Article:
Everyone wins when sports fan Lehrkamp cooks
Monday, August 9, 2010
Lonny and Cindy Lehrkamp are pictured with son Logan. A long-standing division of duties in the Lehrkamp household has allowed Lonny to become a highly skilled cook and griller whose meals are eagerly awaited by friends, family and community groups.
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Lonny Lehrkamp of Carroll made a deal with his wife, Cindy, when they were married in 1983. Twenty-seven years later the deal is still on and his family and community are reaping the benefits.
Lonny, a route supervisor for Farner Bocken, agreed to do the cooking and grocery shopping and Cindy agreed to laundry and dishes. It’s a very fair deal considering Lonny’s outstanding skills in the kitchen and on the outdoor smoker. Cindy, a second-grade teacher in Manning, loves to bake so there is always something good to eat at their house.
Growing up in a family of all boys, one of the boys decided to learn to cook and it was Lonny. He thoroughly enjoys cooking for his family, friends, and co-workers. When his children were students at Carroll Middle and High School, he often provided dinner for teachers during conference time, as well as dinners for athletic teams.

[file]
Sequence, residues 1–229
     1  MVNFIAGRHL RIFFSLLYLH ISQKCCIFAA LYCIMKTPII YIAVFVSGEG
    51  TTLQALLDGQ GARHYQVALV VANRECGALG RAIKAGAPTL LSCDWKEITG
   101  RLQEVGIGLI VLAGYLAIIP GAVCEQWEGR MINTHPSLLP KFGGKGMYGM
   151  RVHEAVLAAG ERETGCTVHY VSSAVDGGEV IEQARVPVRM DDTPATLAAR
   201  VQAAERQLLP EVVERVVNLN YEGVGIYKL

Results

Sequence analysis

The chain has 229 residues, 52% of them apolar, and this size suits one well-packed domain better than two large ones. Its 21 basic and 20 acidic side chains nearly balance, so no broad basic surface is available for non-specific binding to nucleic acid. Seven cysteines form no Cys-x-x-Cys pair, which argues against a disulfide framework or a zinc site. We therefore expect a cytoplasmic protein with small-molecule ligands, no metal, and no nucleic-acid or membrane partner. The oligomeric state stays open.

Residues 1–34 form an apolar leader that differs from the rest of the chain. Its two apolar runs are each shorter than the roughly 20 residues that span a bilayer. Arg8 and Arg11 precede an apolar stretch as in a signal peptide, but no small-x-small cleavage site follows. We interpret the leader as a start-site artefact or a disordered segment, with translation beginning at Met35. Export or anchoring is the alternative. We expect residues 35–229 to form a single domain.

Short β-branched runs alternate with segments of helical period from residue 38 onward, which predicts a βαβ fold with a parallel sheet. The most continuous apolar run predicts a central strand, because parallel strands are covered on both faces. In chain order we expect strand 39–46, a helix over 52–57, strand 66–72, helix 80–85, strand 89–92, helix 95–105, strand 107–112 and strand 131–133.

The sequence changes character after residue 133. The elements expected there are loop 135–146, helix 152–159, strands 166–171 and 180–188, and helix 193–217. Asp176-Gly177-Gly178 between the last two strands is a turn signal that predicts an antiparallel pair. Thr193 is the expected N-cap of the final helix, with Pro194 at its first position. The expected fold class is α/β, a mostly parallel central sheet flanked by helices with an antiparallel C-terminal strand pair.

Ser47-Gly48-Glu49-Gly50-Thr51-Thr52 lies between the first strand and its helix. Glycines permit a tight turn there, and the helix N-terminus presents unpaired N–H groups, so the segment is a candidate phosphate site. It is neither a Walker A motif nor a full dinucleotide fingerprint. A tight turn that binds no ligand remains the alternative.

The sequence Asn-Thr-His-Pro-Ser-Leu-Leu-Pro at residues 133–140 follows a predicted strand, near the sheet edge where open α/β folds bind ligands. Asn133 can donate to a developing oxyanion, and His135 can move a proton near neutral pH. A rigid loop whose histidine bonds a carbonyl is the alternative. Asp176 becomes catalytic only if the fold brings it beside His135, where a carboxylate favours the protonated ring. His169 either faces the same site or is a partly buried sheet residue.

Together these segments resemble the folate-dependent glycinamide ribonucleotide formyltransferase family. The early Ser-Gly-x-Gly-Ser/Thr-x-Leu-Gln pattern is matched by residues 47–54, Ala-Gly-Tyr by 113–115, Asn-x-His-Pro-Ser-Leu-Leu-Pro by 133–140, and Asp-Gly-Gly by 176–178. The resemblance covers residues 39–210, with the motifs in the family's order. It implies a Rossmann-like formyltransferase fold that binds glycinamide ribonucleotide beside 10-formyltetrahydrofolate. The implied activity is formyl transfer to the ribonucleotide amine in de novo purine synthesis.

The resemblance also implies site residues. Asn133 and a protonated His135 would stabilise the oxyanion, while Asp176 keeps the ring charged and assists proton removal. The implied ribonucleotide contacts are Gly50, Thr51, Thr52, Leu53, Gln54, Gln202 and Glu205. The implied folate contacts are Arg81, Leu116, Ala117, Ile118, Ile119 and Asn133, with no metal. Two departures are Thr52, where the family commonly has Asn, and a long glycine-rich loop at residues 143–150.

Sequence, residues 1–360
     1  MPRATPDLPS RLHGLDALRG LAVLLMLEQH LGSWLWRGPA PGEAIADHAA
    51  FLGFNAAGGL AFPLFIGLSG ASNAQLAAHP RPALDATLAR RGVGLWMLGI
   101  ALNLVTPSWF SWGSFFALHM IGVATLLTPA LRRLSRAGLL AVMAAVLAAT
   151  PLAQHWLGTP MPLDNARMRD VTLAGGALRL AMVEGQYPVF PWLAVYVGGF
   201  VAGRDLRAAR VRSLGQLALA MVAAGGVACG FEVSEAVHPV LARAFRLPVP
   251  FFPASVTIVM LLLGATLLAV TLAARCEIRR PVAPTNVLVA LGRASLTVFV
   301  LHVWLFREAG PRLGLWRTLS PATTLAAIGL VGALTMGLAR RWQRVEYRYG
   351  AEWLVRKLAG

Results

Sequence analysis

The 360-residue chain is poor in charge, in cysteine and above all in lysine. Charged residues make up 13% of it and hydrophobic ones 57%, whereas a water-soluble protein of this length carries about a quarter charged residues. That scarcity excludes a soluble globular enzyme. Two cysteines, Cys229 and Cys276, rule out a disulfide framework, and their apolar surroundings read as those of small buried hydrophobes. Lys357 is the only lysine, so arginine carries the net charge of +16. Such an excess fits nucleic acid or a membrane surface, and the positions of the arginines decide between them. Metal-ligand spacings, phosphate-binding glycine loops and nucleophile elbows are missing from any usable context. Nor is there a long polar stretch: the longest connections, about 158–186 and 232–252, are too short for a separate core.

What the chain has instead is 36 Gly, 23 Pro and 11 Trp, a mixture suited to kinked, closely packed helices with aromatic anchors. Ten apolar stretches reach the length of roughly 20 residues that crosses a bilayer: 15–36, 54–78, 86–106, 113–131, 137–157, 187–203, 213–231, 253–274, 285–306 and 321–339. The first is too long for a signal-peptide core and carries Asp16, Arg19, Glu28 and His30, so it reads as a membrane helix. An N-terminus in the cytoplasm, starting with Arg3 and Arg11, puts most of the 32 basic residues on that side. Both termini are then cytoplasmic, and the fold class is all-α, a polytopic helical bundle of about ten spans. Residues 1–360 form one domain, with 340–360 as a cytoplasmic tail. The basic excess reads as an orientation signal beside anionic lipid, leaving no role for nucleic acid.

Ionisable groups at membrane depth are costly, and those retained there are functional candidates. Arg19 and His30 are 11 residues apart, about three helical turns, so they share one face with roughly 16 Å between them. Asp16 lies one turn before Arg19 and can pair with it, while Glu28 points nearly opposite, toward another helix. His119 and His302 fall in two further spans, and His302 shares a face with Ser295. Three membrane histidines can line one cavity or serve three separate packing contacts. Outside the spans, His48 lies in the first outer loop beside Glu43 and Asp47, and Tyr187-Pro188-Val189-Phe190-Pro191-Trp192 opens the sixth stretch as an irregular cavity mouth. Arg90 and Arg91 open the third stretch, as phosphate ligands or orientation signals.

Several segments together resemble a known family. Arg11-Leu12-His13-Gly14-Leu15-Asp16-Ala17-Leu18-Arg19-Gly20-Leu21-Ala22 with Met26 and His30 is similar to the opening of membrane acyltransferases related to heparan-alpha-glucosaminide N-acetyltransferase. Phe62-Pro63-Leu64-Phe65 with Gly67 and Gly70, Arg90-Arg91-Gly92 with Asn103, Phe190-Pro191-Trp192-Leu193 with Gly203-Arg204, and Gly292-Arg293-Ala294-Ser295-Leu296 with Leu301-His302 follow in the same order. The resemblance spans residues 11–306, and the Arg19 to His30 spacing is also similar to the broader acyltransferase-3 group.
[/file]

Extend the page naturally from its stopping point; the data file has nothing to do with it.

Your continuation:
His daughter, Kinsey, now 23, is studying fashion merchandising at DMACC in Ankeny and son, Logan, 19, attends Buena Vista University in Storm Lake. He is studying criminal justice and plays for the football and golf teams.
Lonny also takes pride in volunteering his time to help his community and friends. He often helps his friend, Bill Beck, of Carroll, feed Iowa State University athletic teams.
Beck, an employee of The Graphic Edge, is often times Lonny’s “grilling buddy.” Lonny says they like to get together and create their own recipes. He says, “We see what tastes good and find out what we like.” He and Bill are also working on a new project together. They are volunteering their time and donating food to the MET Revival, an ongoing fundraiser to remodel the clubhouse at the Carroll Municipal Golf Course.